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LinuxWorld kicks off with Shuttleworth

By   |  May 18, 2005

In yesterday\’s keynote speech at the LinuxWorld conference, Mark Shuttleworth announced that the Ubuntu Linux distribution will be naming its local support partner today (18 May).

Expected to be Obsidian Systems, the support partner will act as third-line support for technicians as well as direct support partners for business using Ubuntu.

\”Folks today who use Microsoft don\’t phone Microsoft for support,\’ says Shuttleworth. \”It\’s the ecosystem around the operating system that makes it viable. Support from the community dictates the success of a product.\”

Shuttleworth believes that a local support partner will encourage South African companies to use Ubuntu, with revenue retained within the country\’s economy.

Shuttleworth also took the opportunity to give a heads-up on the anticipated Breezy Badger release (expected in October), which will have better hardware support for data centres through to desktops, and will focus particularly on mobile technology. \”Linux hasn\’t supported mobile technology in a mature fashion,\” he says. \”We want to get Breezy right for mobile.\” That means easier wireless networking, connectivity to PDAs and better hardware support.

Ubuntu is working with the LTSP (Linux terminal server project) to bring thin-client computing into the package natively. While we can expect elements of this in Breezy, Shuttleworth is hoping to woo the educational sector with EduBuntu — a version of Ubuntu for schools and universities — which he hopes will serve as a good reference model for educational Linux desktops. He did not announce a release date for EduBuntu.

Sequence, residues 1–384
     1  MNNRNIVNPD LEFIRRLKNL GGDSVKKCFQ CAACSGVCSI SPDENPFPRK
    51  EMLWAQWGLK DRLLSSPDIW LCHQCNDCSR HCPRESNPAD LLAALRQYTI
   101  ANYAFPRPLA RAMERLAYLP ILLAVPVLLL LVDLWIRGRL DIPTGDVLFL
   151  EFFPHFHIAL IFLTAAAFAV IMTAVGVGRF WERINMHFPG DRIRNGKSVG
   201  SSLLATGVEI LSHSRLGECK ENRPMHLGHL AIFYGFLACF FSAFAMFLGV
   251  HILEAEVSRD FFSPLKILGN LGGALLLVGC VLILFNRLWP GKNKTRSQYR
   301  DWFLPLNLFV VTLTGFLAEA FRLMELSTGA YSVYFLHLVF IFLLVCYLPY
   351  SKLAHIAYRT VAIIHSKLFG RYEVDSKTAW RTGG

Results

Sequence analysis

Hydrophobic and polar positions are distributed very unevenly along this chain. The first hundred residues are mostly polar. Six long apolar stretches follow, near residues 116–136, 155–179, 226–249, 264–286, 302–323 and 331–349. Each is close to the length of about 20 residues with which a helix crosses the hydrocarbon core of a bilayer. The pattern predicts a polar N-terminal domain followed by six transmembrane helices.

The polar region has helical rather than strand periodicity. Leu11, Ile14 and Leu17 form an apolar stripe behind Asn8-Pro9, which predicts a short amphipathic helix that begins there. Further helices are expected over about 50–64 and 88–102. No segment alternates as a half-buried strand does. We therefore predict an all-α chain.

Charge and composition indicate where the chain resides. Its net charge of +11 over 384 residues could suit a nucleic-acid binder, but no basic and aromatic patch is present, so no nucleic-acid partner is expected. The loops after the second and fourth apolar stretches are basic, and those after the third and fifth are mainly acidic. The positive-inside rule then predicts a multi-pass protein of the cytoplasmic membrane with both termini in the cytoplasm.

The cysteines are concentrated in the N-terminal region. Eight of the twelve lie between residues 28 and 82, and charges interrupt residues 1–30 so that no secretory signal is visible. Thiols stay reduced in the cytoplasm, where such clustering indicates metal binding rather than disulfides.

Shuttleworth highlighted the importance of development and innovation from the South African Linux community, as he believes that we are well positioned to create software for emerging markets, and Africa in particular.

He also outlined his vision for the PC over the next 10 years, saying that he expects tomorrow\’s PC to offer a collaborative, immersive environment with ubiquitous high-speed network connections.

In terms of collaboration, he believes that open source tools will extend on the concept of open source development, where e-mail, diff and patch are used to share ideas and work in progress. Art, business and other fields will eventually benefit from structured document sharing and versioning, he believes.

The immersive environment envisioned by Shuttleworth involves the desktop becoming deeper, with 3D environments eventually becoming the norm. Shuttleworth mentioned XGL and Glitz, although Sun\’s Project Looking Glass was distinctly absent from his list.


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